In the wake of the shooting deaths of nine African-Americans at Emanuel African Methodist Episcopal Church, many Democratic politicians have renewed calls to tighten gun-control measures. Sanders said he's open to a conversation about what to do next on gun-control measures and would go along with stricter background checks, for example. But he noted in the interview that those measures alone wouldn't solve the problem of gun violence in America.


The article goes on to say,

For left-leaning senators from largely rural, pro-gun states — like Vermont — it can be tough to strike a balance talking about guns. Sanders has had a mixed voting record on guns. He voted to end the "gun-show loophole" and in favor of the 2013 universal background check bill and assault-weapons ban following Sandy Hook Elementary school massacre that left 20 children dead. But, previously, Sanders voted to allow guns on Amtrak and against the Brady bill.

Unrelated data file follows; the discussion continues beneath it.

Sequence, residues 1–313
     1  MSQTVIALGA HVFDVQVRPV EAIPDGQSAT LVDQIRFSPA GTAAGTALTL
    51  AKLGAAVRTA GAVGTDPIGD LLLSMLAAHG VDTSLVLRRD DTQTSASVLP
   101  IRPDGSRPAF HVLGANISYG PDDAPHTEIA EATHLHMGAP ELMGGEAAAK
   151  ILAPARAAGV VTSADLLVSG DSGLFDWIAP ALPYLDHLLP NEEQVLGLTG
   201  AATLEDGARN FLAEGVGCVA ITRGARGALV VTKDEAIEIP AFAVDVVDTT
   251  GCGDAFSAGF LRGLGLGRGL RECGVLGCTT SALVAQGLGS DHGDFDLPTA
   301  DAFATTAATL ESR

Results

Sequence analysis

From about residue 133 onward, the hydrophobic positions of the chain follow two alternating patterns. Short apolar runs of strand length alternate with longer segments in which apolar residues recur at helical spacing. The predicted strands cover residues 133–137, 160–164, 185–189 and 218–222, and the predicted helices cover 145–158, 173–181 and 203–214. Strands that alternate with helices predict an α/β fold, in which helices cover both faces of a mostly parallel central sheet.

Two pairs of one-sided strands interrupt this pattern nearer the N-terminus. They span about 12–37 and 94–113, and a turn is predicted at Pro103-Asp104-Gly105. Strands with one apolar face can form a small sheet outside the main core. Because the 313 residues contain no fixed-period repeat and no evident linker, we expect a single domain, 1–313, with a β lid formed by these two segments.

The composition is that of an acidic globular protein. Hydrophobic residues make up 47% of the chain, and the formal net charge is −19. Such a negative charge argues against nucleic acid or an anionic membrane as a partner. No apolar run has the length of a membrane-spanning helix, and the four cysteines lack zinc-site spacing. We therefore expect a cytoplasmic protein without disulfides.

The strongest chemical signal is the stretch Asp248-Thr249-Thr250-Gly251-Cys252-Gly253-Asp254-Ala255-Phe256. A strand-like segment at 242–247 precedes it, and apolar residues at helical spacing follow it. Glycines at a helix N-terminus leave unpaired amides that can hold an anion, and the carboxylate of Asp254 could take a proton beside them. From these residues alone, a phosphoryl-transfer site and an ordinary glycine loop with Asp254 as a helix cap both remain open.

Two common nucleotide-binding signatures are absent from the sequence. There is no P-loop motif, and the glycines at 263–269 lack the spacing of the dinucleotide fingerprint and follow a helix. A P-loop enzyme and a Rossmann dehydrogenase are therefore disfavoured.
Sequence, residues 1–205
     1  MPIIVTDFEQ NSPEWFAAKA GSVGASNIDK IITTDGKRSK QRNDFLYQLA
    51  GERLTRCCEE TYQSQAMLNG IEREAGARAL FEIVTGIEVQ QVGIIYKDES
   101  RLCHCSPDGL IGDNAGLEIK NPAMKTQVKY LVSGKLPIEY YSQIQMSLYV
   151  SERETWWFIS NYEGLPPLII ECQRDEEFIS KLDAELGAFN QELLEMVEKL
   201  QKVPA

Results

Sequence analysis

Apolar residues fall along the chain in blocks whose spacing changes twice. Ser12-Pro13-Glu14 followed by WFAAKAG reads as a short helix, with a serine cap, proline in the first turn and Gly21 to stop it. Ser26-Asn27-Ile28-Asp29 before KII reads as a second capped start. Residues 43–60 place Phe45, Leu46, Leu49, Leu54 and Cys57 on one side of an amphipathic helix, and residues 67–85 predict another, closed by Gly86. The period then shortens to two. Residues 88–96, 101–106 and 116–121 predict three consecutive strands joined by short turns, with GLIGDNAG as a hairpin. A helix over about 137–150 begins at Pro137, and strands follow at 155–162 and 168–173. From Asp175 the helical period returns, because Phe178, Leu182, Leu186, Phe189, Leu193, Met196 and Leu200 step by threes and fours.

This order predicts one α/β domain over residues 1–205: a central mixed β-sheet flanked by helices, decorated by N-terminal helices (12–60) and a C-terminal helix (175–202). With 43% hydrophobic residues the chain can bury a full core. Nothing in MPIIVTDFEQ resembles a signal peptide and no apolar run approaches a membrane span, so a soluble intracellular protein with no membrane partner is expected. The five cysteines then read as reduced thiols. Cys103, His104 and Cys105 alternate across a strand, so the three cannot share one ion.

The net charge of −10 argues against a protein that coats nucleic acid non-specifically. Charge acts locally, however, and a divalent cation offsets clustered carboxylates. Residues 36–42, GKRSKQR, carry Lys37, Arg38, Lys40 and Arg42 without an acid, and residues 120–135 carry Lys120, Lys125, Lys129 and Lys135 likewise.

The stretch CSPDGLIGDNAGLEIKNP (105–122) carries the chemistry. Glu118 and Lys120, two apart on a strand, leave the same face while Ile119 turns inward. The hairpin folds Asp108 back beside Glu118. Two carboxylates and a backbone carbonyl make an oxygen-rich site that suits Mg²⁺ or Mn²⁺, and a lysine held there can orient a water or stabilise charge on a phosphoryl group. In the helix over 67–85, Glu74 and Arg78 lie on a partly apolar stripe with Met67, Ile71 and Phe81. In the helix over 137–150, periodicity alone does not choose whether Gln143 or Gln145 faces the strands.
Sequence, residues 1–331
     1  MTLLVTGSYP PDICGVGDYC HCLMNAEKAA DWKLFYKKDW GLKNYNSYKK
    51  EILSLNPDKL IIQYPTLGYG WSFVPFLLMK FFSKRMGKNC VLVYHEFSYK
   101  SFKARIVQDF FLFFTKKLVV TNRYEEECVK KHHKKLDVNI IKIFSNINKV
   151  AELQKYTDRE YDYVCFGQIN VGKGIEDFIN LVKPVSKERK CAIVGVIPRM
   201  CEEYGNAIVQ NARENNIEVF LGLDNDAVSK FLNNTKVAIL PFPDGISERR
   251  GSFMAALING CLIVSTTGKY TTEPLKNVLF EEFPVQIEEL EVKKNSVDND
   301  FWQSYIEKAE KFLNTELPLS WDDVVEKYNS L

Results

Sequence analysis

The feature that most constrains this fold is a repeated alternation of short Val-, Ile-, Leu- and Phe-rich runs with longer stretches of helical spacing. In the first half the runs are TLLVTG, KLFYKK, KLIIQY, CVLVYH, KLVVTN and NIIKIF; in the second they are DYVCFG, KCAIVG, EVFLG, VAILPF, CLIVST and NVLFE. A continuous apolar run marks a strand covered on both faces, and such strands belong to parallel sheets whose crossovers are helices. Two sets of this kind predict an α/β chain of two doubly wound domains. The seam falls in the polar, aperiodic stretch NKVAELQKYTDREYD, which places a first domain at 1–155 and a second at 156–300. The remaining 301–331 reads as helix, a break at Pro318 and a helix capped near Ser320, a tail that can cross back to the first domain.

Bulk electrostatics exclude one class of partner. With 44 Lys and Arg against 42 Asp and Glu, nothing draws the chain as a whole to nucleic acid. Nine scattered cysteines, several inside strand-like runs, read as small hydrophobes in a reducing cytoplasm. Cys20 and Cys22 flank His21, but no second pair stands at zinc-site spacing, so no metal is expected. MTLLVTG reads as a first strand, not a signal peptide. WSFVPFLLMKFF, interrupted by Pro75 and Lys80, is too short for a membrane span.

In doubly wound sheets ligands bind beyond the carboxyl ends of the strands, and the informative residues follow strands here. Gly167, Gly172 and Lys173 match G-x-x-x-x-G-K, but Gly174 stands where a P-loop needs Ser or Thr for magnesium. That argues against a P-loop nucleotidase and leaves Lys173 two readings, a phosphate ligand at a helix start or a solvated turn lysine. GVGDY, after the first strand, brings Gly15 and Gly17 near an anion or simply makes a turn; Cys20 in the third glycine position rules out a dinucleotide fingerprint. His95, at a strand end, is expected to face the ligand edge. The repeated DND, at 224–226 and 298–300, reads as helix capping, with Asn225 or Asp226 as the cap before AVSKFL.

http://www.npr.org/sections/itsallpolitics/2015/06/24/417180805/bernie-sanders-walks-a-fine-line-on-gun-control

I agree that "it can be tough to strike a balance talking about guns." I believe that Sanders is correct in trying to strike that balance, and in supporting his rural constituents. I also see that this is one issue that many progressives will disagree with him on. I think that's okay; it's never happened, at least in my 55 years, that I've found a politician I agree with every single issue on. Sanders, frankly, comes as close as any and closer than almost all. That said, I disagree with his votes on the Brady Bill and to allow guns on Amtrak.

I do not believe that, as POTUS, he would stand in the way of stronger gun control legislation presented to him by Congress. He's just said, as quoted above, that he is open to the conversation.

sigh